Friday, July 12, 2019

Summer Gratitude

I've been on a blogging break due to a 2-week vacation with my family. It was awesome! But I'm not here just to write about my vacation. Getting away for two weeks, and then returning to my job, gave me an excellent chance to reflect on this past year. More coming in another post with more of a comprehensive reflection, but today, I want to write about my some things I'm grateful for.

I'm grateful that, when I returned to work on Monday, although I may have groaned a little bit getting out of bed when my alarm went off, I was genuinely happy to be there. I like what I do!

I'm grateful for the people I work with, who share a great bond & balance of working hard, having fun, not being afraid to challenge each other's thinking, and truly caring about each other.
*Side note: I'm reading Radical Candor right now, which has some good content for leaders/bosses/managers, and I see some of the concepts there coming out in my writing today!

I'm grateful that I feel valued as a person at work. And as a worker. But as a person first.

I'm grateful that I am in an environment where it's okay to disagree, to challenge, to debate, and to question. But then, there's a commitment to making a decision and supporting it.

I'm grateful that I'm in a position where, sometimes, I can really help and make people's lives easier and better or help them realize their vision & dreams!

Bitmoji ImageI'm also grateful that I'm in a position to have really hard conversations, and hopefully deliver them with grace and compassion and empathy. I'm grateful for my coworkers who I can turn to for advice & wisdom when I need to have one of these conversations.

But most of all, I'm just so grateful to be where I am. It seems crazy, how I ended up here - but I did, and it is exactly where I needed to be this year. I think back to when I accepted the job, how nervous I was, how unprepared I felt, and how unsure I was about the decision...but it has turned out to be amazing and I can't imagine my year any other way. Pretty amazing, right?

#gratitude 

Thursday, July 11, 2019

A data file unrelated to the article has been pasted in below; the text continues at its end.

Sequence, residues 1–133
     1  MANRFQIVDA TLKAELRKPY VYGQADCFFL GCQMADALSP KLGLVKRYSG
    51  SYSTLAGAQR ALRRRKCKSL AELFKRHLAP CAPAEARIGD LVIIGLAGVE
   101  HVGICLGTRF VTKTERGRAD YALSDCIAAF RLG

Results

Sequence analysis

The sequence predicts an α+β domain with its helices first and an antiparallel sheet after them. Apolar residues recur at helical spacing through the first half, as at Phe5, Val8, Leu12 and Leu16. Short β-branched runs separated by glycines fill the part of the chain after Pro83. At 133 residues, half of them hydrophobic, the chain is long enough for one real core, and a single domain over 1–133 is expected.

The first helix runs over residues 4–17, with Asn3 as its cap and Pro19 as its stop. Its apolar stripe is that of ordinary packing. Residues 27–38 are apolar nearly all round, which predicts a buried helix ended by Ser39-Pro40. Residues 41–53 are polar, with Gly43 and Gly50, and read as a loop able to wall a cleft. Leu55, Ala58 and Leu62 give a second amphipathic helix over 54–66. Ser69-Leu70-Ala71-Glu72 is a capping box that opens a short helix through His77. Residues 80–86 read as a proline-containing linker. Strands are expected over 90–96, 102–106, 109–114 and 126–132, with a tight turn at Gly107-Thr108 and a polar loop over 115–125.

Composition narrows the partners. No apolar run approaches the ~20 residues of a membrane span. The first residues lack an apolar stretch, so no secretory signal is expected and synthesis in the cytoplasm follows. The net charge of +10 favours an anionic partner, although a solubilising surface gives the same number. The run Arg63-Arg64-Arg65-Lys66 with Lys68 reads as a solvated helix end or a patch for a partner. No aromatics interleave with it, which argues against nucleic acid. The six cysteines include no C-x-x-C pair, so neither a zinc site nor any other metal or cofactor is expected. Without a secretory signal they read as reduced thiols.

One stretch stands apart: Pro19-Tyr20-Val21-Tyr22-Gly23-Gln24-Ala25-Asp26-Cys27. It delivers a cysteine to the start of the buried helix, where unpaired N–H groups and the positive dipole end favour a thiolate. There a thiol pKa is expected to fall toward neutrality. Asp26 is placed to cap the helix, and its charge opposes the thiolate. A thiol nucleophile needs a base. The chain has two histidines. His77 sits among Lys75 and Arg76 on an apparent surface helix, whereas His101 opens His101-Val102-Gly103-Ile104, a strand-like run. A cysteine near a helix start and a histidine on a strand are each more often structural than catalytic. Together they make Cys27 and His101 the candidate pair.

Library Kid Adventures

Today, being 7/11, I obviously had to take a group of the kiddos I work with (relocated refugee students) to 7-Eleven for free Slurpees! Luckily, there is one just a mile away from where they live (although some might say I'm crazy for taking 9 kids, ages 6-18, in 90+ degree heat on a mile-long walk - some with scooters, some with bikes, some just walking - crossing several streets, including a highway). Every time I hang out with them, I leave full of thoughts and reflections. A few vignettes from the adventure...


Me: "Do you want to come with me to get a free Slurpee?"
Kids: "What's a Slurpee?"
Me: "Uh...kinda like a mix between a popsicle and juice? A soft popsicle in a cup?"
Kids: "Um...maybe..."
Me: "You get to choose your flavor."
Kids: "YES, LET'S GO!!!"


6th grader: "He [4th grader] doesn't realize that they [1st & 2nd graders] all follow him. If he does something stupid, they all go and do it too."
*So much truth, and such good insight from a 6th grader! Luckily, the "stupid thing" was riding a bike down a small hill and needing to walk it back up the stairs.*


Me: "Hey, buddy, wait for us at the traffic light!"
Him: *Gets there first and patiently waits*
Him: *As soon as we get there, takes off into the street, despite the red light and red walk signal.*
Me: *Quickly yelling and pulling him back*
Me: "Buddy, do you see that walk sign? The orange hand? That means we need to stop! When it is our turn to go, it will change into a white guy walking. Then we can go."
Him: "That sounds so racist."
Two things stick out to me here: I have written before about how easy it is to forget that there are some "simple" cultural things that these kiddos may not know. This time, I was guilty of it. I figured that because we had been to many lights before, he knew what a walk signal meant & how to use it. Turns out, he was just following the others! Secondly, it made me wonder how they perceive issues of race. Are there things that they feel that I don't know or think about? Or was it a response based on things they have heard in the past? We are all Asian-American, but being only half-Chinese and being born to parents who are more Americanized, I would guess that my experiences and perceptions are different than theirs.


In the end, we all left happy!